Until recently I have been a stay-at-home mom with several small project-based jobs I could do online for extra money during early morning hours. A few months ago, I took on a real online part-time job because our family needs the money. I now work on my laptop at the kitchen table while I cook, while the kids do homework, etc. and time with my 6- and 8-year-old children has been severely cut. My kids are unhappy – “hating mommy’s job,” acting out, making it hard to concentrate when I have to. I feel bad for them and want things to be better but I have to keep this job. Any advice?”
– Samantha R., Lakeshore Blvd.
We grandmothers claim to know almost all there is to know about raising kids, but your question leads us first to a confession: When we were young mothers we didn’t have to deal with your problem.
Remember the 50s? Well, probably you don’t, but you’ve seen it on TV. Very few moms worked; they were at home baking cookies and playing with the kids. Except the truth of the matter is, we didn’t play with the kids all that much; the kids entertained themselves for the most part. And some of us got tired of baking cookies and wished we had jobs so we’d have our own bank accounts. The good old days.
But your children won’t be comforted much by watching re-runs of Leave it to Beaver. They expect to have as much of your attention as they ever did, and they resent having to share you with your job.
Being a modern mom you probably did frequently bake cookies and play with your kids, and now you can’t do that as often. What many parents feel in this situation is guilt, and it comes out when they say things like: “I have to work so we can buy [brand name] video games and [brand name] tennis shoes and eat out regularly at the [brand name] hamburger emporium. And won’t we have fun at Disneyland this summer?”
Parents don’t like to disappoint their children and they don’t want to hear about their children’s unhappiness. So they try to jolly the kids out of it.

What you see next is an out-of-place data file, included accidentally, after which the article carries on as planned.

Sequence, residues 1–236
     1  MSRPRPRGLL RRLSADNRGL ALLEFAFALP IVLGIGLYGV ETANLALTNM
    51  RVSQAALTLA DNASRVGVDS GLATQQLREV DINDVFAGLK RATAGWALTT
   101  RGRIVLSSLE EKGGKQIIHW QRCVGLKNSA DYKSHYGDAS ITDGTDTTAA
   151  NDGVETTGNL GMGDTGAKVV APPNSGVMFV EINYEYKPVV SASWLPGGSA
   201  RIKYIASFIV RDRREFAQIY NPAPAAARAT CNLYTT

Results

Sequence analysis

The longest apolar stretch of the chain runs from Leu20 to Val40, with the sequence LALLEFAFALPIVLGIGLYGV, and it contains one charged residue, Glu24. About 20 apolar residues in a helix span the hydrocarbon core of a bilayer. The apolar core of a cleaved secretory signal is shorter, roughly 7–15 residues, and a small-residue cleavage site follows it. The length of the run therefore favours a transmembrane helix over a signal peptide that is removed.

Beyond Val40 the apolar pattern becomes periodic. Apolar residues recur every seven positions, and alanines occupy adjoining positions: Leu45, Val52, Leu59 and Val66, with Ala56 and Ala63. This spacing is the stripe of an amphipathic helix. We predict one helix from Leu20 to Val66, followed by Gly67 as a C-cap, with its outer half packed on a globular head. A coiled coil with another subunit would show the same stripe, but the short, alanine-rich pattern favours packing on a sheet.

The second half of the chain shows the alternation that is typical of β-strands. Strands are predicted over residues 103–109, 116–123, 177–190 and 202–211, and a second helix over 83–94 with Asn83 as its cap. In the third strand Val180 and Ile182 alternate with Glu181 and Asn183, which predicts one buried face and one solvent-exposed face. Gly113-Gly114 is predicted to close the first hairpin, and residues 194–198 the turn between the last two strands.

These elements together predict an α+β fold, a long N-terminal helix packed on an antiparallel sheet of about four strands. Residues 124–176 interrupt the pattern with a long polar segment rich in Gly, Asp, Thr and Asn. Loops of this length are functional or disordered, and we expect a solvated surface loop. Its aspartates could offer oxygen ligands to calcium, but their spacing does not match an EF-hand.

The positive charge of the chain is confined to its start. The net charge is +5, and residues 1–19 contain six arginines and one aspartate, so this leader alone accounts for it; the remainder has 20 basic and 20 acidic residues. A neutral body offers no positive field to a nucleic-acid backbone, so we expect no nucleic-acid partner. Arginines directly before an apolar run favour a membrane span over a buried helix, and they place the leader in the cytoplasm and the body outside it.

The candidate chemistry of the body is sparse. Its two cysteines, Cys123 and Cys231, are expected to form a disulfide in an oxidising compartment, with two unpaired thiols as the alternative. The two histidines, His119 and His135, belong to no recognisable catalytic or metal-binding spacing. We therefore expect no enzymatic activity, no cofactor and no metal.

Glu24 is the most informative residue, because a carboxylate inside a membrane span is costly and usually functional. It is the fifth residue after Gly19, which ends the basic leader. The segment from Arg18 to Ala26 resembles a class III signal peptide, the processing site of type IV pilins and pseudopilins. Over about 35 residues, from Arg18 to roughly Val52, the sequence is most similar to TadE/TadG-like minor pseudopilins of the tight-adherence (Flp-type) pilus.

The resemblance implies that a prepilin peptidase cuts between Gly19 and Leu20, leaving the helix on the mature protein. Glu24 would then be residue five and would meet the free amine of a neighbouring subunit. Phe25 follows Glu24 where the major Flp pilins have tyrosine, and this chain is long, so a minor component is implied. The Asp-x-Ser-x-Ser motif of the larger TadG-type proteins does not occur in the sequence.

In a word, don’t. Instead, acknowledge in full their anger.
Try to find out all the specifics of their resentment, and don’t try to convince them that they’re exaggerating and it isn’t so bad as all that. You don’t have to agree – just listen and nod understanding.
Tell them that you miss having things the way they were, too. Swallow your guilt and listen to their sadness. Just feeling “heard” by you will make them feel better, the same way you feel better after having confided your problems to a friend who is a good listener.
Then start talking about ways you all might adjust to this new reality. They don’t need to hear the details of the electric bill being overdue and the car needing a new transmission, but you can talk about being a family and working together differently now.
Recognize your children for managing to solve a problem or do a task without your help that, in the past, they might have asked you to do. Emphasize how capable they have become; tell them that, in fact, their help would be appreciated with some of the household tasks that you used to do all by yourself.
Explain how you could be spending more time with them if you were doing some of these tasks together; while you’re working at the kitchen laptop, for example, they could be helping you get dinner on the table. They could certainly learn to help with the laundry, and assist in clean-up after dinner.
They might complain from time to time about their newly assigned chores. Bbut you could end up feeling less pressured; they more competent and needed; and all of you important members of the family team.
Be sure to schedule some family play times as well, and strictly adhere to that schedule. Don’t make these costly outings that you can’t really afford, but research some inexpensive or even free activities: ice skating at Wade Oval costs nothing more than $3 skate rental; the zoo charges no admission on Mondays; a favorite family board or card game is free. So are hikes in the woods.
During one of those hikes you might tell your kids about that job of yours and how sometimes you don’t like it but often you do, just like sometimes they hate school but often they actually have fun there.
Tell them in words they can understand what exactly your work entails, and what you had to learn to be able to do it – and branch off to a discussion of the kind of work they might want to do some day. We want them, after all, to appreciate the world of work, and look forward to it.
You don’t have to tell your kids this next part, but you could help yourself feel less guilty by realizing that you’re actually teaching your children some valuable lifelong lessons here.
Although life can be hard we can usually find ways to cope, and children need to learn this as they grow up; they will be better prepared for the challenges they meet later on.
And you and your husband are setting a wonderful example for your children by working hard together to do what needs to be done, without resentment or blaming anyone. (Of course, there are sure to be times when you do feel resentment; try to voice these only to each other, after the kids are in bed.)
Some day these will be the good old days.
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